It’s Time To Take Back Our Privacy

The time to slow the progression is long gone. It’s now time to turn back the clock and return control of our private lives to ourselves.

I had a heated conversation with a friend earlier today. We were talking about invasion of privacy and crumbling civil liberties. She told me I was an unusual advocate for greater privacy considering I’m on TV and publish this blog every day.

What’s in this blog is the truth. It’s just not the whole truth. I don’t write everything.

You won’t hear about a fight with my daughter or disagreement with my wife. I don’t write about friends making foolish choices.

I’ve been on-the-air over 40 years. I understand how to compartmentalize life so I only reveal what I want revealed.

This Carrier IQ story has me disturbed. The charge is CarrierIQ software, installed on many cellphones, is keeping track of your smartphone usage keystroke-by-keystroke.

The company denies the accusations, but a demonstration by Torrington’s Trevor Eckhart seems to show otherwise.

It doesn’t make much difference. If it’s not being collected in the phone my cell provider certainly has the capability to collect this data on their end. Don’t think they won’t do it!

Verizon recently changed their privacy policy and, as reported by,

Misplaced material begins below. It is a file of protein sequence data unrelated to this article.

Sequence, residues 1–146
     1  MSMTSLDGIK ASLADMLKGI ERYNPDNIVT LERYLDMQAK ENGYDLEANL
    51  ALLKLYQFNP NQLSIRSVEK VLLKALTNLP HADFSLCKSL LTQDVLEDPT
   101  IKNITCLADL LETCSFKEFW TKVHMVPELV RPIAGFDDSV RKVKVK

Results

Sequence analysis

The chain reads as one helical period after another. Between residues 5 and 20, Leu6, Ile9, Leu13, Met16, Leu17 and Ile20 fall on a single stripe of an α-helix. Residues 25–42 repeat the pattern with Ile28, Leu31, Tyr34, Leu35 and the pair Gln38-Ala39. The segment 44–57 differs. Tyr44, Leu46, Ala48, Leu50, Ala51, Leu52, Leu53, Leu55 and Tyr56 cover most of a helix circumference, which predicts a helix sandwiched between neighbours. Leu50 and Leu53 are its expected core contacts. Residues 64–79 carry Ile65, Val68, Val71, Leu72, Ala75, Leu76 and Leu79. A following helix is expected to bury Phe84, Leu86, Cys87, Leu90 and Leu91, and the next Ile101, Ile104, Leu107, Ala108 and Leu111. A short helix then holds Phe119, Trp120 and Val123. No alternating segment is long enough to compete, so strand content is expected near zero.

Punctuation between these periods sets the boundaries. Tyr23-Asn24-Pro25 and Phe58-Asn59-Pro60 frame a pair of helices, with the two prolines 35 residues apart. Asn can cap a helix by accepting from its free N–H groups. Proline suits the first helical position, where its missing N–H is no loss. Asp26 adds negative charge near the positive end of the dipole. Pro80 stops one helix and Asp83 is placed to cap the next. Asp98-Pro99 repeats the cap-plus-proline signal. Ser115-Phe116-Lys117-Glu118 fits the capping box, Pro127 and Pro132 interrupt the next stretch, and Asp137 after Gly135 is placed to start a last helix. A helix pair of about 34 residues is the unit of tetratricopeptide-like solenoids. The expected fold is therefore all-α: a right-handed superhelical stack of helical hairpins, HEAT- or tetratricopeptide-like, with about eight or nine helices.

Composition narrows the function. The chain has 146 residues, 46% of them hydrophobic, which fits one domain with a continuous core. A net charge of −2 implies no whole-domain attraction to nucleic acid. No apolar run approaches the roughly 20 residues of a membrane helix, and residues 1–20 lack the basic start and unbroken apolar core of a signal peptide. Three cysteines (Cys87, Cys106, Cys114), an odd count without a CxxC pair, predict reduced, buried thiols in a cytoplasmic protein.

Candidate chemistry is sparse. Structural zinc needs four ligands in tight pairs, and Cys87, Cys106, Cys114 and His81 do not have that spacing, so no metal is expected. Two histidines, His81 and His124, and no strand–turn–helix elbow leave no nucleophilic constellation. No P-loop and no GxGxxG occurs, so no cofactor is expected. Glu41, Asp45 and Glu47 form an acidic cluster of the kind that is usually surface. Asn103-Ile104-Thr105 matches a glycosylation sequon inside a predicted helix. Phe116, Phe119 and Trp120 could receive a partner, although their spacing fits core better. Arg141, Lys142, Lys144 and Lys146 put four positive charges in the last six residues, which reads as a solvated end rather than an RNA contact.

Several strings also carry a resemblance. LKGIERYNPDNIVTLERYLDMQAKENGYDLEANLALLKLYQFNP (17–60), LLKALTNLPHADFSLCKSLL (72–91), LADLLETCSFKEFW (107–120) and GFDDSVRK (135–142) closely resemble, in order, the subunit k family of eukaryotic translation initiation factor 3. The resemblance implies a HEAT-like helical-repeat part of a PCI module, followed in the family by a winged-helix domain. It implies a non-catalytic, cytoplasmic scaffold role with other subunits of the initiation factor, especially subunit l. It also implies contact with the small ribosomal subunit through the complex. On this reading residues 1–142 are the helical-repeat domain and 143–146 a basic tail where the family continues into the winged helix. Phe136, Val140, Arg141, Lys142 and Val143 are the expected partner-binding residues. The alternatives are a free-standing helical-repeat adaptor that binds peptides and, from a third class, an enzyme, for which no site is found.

Verizon will now begin storing your device’s location, as well as web sites you visit while connected to their network, and will use that information to both serve you more customized advertisements and for Verizon’s internal marketing and business reports. Additionally, this information may be shared with outside companies.

Verizon will do this UNLESS you opt out!

Recently the Supreme Court heard arguments on a case (United States vs. Jones) that centers on police planting a GPS tracker on a car without bothering to get a warrant. The police ask, how is this different than surveillance?

As Business Week reported,

The justices were taken aback when the lawyer representing the government said police officers could install GPS devices on the justices’ cars and track their movements without a warrant.

Justice Samuel Alito captured the essence of the court’s concern when he said, “With computers around, it’s now so simple to amass an enormous amount of information. How do we deal with this? Just say nothing has changed?”

I work in an environment where computers speedily analyze tons of data. It’s how weather isforecast. Incorrect assumptions are made all the time!

I don’t want my life scrutinized that way.

We have already lost much of our privacy to businesses and the government. The time to slow the progression is long gone. We need to turn back the clock and return control of our private lives to ourselves.